Paul writes about the freedom we have in Christ. Particularly, he is focused on the fact that we are free from the law, not free from living righteously, but free from having to keep the law in order to be justified before God. And so, we now live, not by a Pharisaical enslavement to traditions, but by “faith working through love” (5:5).
Paul adds: “Only do not use your freedom as an opportunity for the flesh, but through love serve one another. For the whole law is fulfilled in one word: ‘You shall love your neighbor as yourself’” (5:13,14). We might have the right, the freedom, to do something, but if it does not build up others, and especially, if such action harms others, we must not act according to our rights. Paul is so very concerned that, within the congregation, God’s people demonstrate patience and love and goodwill toward one another, and he demonstrates his pastoral heart, once again, when he addresses the situation of someone in the church caught in transgression: “you who are spiritual should restore him in a spirit of gentleness” (6:1). Not only that, but Paul instructs: “Bear one another’s burdens, and so fulfill the law of Christ” (6:2). Again, “let us do good to everyone, and especially to those who are of the household of faith” (6:10. Life among the people of God is a good life.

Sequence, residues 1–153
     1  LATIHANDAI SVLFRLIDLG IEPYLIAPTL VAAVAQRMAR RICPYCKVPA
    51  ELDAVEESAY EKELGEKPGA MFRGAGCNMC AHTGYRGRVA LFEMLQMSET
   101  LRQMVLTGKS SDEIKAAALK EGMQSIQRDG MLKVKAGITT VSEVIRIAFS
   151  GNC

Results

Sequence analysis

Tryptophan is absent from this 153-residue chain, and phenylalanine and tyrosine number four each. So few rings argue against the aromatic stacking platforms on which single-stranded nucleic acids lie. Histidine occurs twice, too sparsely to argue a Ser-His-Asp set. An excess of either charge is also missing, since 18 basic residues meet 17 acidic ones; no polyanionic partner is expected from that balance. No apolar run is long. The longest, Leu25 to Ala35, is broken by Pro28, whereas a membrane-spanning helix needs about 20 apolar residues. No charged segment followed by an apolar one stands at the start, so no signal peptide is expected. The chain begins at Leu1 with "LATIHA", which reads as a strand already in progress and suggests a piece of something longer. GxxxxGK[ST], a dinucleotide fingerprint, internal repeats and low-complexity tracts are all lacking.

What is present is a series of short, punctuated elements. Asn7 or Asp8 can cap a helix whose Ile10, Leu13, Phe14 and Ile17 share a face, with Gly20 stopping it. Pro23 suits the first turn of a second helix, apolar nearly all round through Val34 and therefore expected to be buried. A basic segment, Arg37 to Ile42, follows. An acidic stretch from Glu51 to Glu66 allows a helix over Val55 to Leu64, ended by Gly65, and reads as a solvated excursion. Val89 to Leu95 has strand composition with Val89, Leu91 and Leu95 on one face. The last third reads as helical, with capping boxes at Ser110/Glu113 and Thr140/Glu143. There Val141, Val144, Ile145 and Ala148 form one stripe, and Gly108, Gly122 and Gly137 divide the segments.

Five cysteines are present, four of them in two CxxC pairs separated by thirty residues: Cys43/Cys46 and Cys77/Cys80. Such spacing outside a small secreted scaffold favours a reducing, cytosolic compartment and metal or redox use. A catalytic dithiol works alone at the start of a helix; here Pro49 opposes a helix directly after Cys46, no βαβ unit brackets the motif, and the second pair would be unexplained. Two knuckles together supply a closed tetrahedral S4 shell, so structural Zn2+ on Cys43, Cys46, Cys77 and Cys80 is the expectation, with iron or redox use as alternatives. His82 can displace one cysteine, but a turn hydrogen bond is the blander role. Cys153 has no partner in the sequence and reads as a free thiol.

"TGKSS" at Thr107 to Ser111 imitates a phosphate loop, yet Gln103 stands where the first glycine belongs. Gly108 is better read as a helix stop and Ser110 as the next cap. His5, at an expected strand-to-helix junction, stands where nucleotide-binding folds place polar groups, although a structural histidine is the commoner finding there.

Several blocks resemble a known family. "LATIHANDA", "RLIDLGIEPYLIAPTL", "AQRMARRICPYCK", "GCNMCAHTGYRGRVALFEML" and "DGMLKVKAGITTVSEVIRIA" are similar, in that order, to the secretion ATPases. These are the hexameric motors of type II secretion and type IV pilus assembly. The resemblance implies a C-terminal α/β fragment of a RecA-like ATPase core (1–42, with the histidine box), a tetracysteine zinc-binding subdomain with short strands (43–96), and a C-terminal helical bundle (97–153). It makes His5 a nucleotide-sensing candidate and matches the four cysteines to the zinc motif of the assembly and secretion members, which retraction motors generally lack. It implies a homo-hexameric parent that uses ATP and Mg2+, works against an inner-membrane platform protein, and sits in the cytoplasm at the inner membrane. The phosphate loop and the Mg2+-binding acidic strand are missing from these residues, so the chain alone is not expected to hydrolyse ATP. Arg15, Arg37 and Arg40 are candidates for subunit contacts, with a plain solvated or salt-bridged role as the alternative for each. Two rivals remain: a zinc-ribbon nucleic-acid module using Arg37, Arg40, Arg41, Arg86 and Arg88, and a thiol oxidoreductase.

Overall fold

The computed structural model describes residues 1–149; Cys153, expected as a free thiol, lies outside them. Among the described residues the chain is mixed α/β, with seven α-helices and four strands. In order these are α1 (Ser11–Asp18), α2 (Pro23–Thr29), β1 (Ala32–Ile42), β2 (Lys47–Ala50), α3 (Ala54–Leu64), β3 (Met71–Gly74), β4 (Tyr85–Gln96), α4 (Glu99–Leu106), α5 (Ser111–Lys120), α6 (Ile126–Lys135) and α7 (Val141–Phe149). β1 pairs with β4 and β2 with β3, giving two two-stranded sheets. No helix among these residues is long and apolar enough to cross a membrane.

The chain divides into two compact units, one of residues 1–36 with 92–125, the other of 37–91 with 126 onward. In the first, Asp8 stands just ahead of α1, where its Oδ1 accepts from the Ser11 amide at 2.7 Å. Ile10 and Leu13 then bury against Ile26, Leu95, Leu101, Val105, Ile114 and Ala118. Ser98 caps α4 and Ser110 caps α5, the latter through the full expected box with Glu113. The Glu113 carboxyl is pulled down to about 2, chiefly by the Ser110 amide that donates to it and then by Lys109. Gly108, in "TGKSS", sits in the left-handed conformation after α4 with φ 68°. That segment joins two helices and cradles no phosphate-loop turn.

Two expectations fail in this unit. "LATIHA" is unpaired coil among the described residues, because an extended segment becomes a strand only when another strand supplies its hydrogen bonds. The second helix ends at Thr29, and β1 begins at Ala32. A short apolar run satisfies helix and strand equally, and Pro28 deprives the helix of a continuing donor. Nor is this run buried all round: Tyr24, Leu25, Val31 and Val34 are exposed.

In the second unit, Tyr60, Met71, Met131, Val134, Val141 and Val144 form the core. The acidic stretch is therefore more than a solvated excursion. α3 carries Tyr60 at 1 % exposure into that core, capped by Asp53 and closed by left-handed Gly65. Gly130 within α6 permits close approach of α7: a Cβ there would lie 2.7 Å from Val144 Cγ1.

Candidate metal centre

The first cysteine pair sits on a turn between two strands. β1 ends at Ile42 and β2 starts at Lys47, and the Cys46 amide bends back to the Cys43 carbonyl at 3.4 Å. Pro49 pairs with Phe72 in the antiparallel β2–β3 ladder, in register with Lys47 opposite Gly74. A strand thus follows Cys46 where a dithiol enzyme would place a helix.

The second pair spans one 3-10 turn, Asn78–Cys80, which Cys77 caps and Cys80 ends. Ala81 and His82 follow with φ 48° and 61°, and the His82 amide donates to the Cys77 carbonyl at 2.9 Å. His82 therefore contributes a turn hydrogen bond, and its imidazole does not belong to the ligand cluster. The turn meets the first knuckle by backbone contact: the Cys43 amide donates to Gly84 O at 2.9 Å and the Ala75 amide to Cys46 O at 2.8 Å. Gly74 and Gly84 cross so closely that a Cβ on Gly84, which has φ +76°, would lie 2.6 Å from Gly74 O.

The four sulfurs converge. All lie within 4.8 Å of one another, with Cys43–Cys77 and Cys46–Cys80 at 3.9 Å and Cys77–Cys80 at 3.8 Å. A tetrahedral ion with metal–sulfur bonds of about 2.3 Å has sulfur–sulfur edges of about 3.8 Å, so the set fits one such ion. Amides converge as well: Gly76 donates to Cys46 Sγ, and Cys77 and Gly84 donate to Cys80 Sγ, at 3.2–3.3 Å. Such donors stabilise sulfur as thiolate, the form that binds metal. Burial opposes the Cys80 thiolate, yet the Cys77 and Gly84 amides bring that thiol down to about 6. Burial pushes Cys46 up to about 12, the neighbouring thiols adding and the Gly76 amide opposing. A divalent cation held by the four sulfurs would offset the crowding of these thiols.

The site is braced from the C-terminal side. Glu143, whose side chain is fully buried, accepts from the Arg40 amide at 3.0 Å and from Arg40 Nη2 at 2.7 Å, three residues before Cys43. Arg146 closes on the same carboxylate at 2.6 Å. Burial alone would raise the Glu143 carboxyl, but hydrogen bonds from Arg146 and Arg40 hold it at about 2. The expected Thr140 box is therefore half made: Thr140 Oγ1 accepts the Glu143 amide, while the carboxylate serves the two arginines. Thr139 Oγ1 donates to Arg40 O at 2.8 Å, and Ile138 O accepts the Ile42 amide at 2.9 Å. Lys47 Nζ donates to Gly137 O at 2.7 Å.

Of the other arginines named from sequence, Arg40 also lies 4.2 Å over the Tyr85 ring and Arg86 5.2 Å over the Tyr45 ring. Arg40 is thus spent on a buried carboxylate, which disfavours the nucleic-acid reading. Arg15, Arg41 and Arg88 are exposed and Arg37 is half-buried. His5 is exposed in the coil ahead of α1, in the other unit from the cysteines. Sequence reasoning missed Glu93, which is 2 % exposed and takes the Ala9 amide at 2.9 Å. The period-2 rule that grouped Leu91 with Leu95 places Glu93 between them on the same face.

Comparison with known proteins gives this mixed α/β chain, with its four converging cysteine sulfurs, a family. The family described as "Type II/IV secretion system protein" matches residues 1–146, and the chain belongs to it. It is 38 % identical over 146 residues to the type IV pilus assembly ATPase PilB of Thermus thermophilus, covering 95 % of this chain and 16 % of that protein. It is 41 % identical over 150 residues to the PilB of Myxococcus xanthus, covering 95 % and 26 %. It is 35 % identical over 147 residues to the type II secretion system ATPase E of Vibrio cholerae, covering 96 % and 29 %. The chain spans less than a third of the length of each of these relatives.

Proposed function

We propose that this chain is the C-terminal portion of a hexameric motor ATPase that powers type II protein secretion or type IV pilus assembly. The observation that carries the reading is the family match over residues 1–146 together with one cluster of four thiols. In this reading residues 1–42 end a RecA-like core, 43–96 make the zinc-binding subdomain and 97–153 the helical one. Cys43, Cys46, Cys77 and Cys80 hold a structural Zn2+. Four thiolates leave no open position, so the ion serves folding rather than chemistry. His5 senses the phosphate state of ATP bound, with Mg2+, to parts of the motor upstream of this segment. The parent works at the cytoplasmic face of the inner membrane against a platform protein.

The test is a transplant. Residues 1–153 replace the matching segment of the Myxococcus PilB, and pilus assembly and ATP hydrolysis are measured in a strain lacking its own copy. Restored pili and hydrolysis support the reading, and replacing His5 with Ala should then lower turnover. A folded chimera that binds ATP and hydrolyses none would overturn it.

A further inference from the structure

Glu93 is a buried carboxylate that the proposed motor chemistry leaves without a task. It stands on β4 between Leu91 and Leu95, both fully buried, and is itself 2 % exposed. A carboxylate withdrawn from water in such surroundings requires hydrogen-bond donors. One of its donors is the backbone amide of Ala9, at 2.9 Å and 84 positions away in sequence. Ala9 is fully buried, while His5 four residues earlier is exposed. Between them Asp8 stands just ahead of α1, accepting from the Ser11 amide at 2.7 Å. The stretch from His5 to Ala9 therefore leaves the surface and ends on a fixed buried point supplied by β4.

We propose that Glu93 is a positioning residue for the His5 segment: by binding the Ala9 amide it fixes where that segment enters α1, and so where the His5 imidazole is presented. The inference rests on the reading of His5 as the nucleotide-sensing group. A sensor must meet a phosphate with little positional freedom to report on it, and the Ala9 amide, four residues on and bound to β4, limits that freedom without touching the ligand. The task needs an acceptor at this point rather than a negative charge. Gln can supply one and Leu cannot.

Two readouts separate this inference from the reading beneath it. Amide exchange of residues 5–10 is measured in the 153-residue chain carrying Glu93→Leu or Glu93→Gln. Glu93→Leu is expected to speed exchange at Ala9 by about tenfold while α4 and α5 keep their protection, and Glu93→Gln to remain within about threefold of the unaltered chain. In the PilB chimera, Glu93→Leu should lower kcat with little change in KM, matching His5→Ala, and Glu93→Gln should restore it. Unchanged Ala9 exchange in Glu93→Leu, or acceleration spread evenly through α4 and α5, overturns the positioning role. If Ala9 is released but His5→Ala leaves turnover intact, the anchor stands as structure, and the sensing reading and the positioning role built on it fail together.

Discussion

Blest be the tie that binds
our hearts in Christian love;
the fellowship of kindred minds
is like to that above.
Before our Father's throne
we pour our ardent prayers;
our fears, our hopes, our aims are one,
our comforts and our cares.
We share our mutual woes,
our mutual burdens bear,
and often for each other flows
the sympathizing tear. -- John Fawcett (1782)